chat about last year and eat a balance bar. This is the road where Dave
and I pulled over to watch the ride last year. It was very satisfying to
see that and remember at that time I had a different set of wheels. I'll
take a bike over a wheelchair any day. We got to the bottom of that hill
and stopped at our last sag stop. We both had bananas (they were out of
cookies) and then we were off.

We crossed under I-10 and rode along the frontage road for a while. Semi's
and cars where honking at us cheering us on. We made a right turn and worked
our way around a few mountains. The views back there were surprisingly
beautiful. Undeveloped hillsides, and lots and lots of saguaros. Tons of
them. I should have gotten a picture but I was getting silly at that point
and just wanted to keep going. I started to notice that I should have lubed
my chain and pulleys a bit more. Man I was NOISY. So noisy I was ruining
the view for myself. It was really getting cold now, and we were mostly in
the shade once we went though the pass.

The last 20 or so miles were relatively flat, really nice views, and cold.
Everyone knew that the end was coming so they were all starting to push it.
Every 3 seconds someone said "on your left". Then 2 min later we were
saying "on your left" to them. It was pretty ridiculous. I was not sure if
they were trying to improve their time or just push it to keep warm.

Then, one of the cops on the side of the road told us we needed to obey all
traffic rules. All day they were holding traffic for us, making the cars
wait for us. It was getting towards 5 pm, so we figured they were trying to
keep traffic moving as best they could. We rounded a corner and there was
one last set of nice police women stopping traffic for us. "Nice going
ladies! Good ride Girls!" I think Dave was a little offended, :), but
that did not last long - the road curved to the left and there it was...Down
town Tucson!!! YEAH!!! Ok, now we had to sit up, smile, and look like this
was easy for the big finish. Dave turned off before we got to the finish
line so he would not be asked about his number again. I rode through the
finish line 5 hrs and 44 min after we started. Man, I DID IT!! I was DONE
and still had enough energy to get to the car.

I put on my "Gold" medal and we started the 2 miles back to the car. We got
about half way there, and I noticed Dave was pointing out some glass on the
road. It was too late....I went right though it. PISSSTTTTT! There went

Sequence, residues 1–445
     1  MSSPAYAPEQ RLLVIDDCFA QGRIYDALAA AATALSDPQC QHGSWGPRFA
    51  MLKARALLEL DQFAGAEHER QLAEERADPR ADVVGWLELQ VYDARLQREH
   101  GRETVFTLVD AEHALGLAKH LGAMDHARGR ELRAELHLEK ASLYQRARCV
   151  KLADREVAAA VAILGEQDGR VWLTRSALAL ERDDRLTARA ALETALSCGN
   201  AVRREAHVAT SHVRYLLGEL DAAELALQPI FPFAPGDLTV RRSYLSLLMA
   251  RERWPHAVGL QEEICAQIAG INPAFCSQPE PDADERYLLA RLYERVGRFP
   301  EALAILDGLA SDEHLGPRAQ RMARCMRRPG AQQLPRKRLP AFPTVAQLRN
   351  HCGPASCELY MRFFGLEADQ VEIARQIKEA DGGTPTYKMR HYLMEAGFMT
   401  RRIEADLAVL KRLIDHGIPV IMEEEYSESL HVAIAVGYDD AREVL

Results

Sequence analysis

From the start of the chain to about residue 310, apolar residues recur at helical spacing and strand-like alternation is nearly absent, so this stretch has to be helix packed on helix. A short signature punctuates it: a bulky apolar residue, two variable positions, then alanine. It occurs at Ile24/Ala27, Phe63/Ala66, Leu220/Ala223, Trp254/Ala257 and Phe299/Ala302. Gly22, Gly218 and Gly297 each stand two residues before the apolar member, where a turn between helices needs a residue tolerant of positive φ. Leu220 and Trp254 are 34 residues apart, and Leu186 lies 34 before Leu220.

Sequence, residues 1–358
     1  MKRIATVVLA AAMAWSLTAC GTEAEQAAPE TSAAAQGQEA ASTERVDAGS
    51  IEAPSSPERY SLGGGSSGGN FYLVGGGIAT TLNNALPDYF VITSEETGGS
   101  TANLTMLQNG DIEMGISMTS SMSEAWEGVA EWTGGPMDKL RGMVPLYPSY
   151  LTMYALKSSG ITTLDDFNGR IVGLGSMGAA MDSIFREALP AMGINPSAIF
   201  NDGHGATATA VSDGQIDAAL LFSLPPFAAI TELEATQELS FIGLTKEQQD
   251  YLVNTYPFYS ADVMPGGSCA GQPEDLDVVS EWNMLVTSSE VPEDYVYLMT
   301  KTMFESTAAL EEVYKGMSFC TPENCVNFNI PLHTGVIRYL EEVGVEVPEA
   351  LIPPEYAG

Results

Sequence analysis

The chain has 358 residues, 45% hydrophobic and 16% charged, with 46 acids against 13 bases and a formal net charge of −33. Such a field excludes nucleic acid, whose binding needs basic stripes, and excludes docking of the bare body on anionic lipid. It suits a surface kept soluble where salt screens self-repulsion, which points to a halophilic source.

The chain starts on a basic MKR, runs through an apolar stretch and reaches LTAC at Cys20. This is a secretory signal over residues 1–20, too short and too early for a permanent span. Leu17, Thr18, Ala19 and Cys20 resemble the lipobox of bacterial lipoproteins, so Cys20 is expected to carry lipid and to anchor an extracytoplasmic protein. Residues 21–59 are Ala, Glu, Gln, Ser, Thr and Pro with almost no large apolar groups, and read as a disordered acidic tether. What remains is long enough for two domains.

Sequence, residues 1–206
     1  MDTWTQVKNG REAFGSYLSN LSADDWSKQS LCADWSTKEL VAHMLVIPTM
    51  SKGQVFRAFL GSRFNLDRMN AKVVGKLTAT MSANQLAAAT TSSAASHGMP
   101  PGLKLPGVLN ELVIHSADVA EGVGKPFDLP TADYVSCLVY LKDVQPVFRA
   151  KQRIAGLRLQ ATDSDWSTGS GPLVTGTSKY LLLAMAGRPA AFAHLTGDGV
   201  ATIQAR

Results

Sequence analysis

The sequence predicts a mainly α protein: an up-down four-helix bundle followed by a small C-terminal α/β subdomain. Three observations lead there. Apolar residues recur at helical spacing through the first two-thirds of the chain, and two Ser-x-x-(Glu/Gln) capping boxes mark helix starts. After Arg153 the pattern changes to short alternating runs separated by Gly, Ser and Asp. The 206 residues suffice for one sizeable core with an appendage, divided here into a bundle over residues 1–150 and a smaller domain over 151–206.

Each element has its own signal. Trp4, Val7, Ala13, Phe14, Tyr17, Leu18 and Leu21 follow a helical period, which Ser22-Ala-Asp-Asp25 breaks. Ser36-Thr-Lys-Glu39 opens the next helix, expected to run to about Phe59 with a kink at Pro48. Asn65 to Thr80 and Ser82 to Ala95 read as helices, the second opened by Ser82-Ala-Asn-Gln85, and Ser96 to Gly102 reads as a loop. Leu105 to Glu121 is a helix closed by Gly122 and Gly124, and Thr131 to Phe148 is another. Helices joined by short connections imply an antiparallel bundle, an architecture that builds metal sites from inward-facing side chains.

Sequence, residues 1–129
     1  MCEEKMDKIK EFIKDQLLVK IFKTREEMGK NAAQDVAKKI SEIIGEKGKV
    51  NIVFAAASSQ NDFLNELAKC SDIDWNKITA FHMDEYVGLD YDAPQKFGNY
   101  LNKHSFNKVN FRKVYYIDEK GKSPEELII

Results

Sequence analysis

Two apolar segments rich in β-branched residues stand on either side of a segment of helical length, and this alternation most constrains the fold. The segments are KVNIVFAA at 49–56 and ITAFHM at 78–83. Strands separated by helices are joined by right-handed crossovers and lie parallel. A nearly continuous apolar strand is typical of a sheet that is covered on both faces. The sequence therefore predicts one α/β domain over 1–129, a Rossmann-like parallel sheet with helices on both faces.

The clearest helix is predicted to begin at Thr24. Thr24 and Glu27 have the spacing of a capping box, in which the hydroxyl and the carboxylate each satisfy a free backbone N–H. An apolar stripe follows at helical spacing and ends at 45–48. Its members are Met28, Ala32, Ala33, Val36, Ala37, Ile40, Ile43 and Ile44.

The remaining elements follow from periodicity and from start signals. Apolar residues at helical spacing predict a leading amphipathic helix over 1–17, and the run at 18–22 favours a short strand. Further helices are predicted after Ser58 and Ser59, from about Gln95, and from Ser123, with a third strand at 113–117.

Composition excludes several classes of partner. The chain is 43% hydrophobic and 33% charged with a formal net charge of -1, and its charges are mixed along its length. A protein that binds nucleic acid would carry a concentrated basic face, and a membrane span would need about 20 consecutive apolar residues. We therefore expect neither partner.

my back tire. Crap! Well at least it happened there and not on the ride.
Dave helped me change it and we were on our way. Now we had just one tube. I
just get my cleats on the pedal and PISSSSTTTTT! There went the front
tire. F*CK! THAT'S IT!! Even though we had 1 more tube, I was not in the
mood to deal with it. It was starting to get dark and really cold. I tossed
Dave the keys and walked to the 76 gas station at the corner of St Mary's
and the frontage road to wait for him to bring the car. He was there in
short order and we were off. We were both freezing, by now it was around
50o F, still windy as ever. It gave us a chance to test the heated seats in
the car - they work very nicely by the way.

We stopped at the Cracker Barrel for dinner and to get changed. Even though
Dave thought I was a dork, I wore my medal into the restaurant (just till I
got to the ladies room to change - I earned at
re: Diary of El Tour de Tucsondave woof
Nov 26, 2003 8:46 AM
We stopped at the Cracker Barrel for dinner and to get changed. Even though
Dave thought I was a dork, I wore my medal into the restaurant (just till I
got to the ladies room to change - I earned at least the right to do that!).
We ate dinner and were on our way home - still people were honking and
waiving. Very cool!!

All in all a great experience. The plan is to do the 109 next year.

Talk to you later,
Kari
re:Your "Friend" Daveasgelle
Nov 26, 2003 9:47 AM
Let's be clear. By taking advantage of the services provided for Tour riders without registering, Dave is no better than a common thief - taking things which didn't belong to him without paying for them.